* Eddy Current Technology, Inc., 201-A Horace Avenue, Virginia Beach, VA 23462; (757) 490-1814; fax (757) 490-2778; email: firstname.lastname@example.org.
All you do is pull a probe through a tube and you get a unique signal from every defect.
The accompanying figure shows the signals from five defects in an ASME Calibration Tube: a through wall hole, 80 per cent, 60 per cent, 40 per cent, and 20 per cent O.D. pits, and a dent.
In the impedance plane portion on the left of this diagram, the dent is the signal that is almost totally horizontal.
In the strip chart representation to the right, the strip chart on the left is the horizontal and on the right is the vertical.
As the probe is pulled through the tube, it first passes the dent. The resulting signal is seen primarily in the horizontal channel. The next defects that are passed in sequence are the hole, at about 45 degrees in the impedance plane, and then increasing in the clock wise direction, the 80, 60, 40, and 20 per cent pits.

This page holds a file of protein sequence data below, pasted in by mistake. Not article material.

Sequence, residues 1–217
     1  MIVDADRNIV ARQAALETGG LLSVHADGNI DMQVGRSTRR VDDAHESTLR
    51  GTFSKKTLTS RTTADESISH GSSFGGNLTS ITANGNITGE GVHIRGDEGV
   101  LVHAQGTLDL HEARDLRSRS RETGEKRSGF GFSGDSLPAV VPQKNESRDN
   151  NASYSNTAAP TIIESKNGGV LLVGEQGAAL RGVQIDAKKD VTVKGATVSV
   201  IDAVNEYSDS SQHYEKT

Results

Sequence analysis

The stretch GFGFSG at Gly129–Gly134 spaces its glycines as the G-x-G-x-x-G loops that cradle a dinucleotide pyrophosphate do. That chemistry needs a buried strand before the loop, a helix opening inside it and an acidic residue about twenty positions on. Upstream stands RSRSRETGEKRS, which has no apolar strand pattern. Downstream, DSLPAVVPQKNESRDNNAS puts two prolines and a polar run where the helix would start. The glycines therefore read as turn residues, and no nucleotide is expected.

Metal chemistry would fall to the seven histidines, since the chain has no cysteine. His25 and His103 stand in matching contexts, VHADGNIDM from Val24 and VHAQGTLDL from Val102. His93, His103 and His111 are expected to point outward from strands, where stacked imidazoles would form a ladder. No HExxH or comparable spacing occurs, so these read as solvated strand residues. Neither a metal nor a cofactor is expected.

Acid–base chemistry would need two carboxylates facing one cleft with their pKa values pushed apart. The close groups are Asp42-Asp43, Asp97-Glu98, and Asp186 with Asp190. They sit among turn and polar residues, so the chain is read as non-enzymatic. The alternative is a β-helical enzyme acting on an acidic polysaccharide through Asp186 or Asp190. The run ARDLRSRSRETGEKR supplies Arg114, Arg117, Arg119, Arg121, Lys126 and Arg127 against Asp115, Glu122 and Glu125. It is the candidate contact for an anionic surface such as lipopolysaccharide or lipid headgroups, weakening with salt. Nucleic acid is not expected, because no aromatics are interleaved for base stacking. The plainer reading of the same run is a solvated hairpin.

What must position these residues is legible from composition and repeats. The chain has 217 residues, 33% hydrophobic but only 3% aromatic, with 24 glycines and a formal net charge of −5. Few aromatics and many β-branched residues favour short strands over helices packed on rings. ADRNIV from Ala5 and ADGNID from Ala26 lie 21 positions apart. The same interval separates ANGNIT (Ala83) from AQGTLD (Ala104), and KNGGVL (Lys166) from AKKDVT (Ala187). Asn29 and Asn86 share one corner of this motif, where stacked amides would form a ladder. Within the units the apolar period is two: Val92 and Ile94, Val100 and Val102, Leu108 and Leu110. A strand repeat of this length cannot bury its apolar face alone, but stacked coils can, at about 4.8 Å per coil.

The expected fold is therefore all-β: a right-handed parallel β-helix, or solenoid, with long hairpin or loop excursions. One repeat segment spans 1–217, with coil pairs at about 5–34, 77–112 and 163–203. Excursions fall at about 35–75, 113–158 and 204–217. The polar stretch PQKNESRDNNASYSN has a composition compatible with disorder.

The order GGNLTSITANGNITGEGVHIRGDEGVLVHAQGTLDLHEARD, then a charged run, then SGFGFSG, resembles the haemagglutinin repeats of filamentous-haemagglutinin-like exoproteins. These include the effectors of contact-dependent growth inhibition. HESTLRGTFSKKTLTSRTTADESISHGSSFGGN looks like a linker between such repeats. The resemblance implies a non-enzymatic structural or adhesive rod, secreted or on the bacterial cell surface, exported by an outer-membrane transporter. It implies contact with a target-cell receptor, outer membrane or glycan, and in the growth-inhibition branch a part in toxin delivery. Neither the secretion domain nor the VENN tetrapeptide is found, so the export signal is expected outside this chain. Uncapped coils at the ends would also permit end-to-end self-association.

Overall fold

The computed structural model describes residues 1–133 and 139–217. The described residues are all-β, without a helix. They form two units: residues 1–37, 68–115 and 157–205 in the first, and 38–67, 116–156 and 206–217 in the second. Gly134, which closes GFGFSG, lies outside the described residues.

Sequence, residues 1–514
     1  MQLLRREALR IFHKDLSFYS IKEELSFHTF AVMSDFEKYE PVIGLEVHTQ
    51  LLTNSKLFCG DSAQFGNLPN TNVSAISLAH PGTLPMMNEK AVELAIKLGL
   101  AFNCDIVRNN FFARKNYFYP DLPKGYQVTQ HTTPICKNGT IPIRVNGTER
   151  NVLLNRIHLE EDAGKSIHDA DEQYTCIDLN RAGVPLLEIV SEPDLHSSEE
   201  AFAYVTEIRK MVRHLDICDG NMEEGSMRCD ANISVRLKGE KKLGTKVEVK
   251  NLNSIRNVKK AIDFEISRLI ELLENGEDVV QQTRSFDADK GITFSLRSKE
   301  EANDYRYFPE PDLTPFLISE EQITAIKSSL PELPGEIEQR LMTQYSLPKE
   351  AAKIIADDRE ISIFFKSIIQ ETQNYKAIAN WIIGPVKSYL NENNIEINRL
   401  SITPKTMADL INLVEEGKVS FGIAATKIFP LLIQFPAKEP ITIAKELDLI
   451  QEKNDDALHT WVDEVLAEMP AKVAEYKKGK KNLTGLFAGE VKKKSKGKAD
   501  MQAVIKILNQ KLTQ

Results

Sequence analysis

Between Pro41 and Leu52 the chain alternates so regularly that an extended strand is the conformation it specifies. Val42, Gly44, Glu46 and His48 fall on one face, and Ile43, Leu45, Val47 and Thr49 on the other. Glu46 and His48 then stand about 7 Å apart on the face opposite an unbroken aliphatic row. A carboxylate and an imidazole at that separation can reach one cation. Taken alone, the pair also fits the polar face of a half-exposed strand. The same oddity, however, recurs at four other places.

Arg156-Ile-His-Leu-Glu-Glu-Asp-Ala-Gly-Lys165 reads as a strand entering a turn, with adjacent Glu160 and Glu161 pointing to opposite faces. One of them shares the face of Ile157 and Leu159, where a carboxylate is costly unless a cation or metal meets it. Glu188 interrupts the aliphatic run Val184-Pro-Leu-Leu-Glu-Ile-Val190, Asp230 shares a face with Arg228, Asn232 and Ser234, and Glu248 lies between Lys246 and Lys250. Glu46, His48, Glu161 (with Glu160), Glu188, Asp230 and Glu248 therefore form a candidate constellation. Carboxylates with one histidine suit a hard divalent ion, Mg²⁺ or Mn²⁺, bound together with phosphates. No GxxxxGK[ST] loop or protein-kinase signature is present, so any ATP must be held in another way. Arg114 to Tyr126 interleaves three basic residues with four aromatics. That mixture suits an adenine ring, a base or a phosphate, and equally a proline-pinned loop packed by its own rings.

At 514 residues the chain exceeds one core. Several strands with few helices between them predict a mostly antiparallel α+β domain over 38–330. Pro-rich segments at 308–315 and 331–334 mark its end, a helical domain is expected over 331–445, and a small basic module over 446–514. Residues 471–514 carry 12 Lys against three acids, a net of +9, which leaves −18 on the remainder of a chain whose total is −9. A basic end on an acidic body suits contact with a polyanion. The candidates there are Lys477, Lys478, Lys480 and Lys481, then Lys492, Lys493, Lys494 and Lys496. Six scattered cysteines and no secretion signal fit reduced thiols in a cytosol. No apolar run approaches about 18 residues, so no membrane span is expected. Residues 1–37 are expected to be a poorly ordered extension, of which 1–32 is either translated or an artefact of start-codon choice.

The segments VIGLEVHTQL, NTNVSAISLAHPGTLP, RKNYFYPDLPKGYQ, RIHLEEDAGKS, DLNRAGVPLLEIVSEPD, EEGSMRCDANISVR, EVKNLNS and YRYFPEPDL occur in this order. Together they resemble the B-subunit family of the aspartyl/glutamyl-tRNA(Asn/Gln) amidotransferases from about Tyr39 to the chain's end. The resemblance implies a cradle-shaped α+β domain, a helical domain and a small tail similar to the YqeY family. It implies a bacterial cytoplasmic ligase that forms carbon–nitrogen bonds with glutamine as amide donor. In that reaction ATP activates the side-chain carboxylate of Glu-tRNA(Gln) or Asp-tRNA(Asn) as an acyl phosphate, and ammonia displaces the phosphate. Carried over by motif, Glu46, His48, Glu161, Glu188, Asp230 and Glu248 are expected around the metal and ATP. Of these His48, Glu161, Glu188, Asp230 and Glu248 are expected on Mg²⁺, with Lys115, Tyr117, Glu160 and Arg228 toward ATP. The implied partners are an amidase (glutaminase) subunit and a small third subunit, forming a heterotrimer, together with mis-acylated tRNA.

The depth of the defect can be determined by the angle of the signal. Also, the total volume of the defect can be determined approximately by the amplitude of the signal.
A few controls must be set correctly in order to result in the signals looking like this.
The phase control is used to rotate the entire group of signals. The phase control is used to set the dent signal to be horizontal. (It is the author’s preference and recommendation to set the dent signal horizontal, but other schemes will work.)
The gain control is used to adjust the amplitude of the signals. A good starting point is to adjust the through wall hole to be approximately half the size of the screen.
Actually, the most critical setting is the selection of an appropriate inspection frequency, and conveniently, this information is available here.
Look for the next in this series of articles entitled “Eddy Current Testing of Heat Exchanger Tubes is Not Quite That Easy”.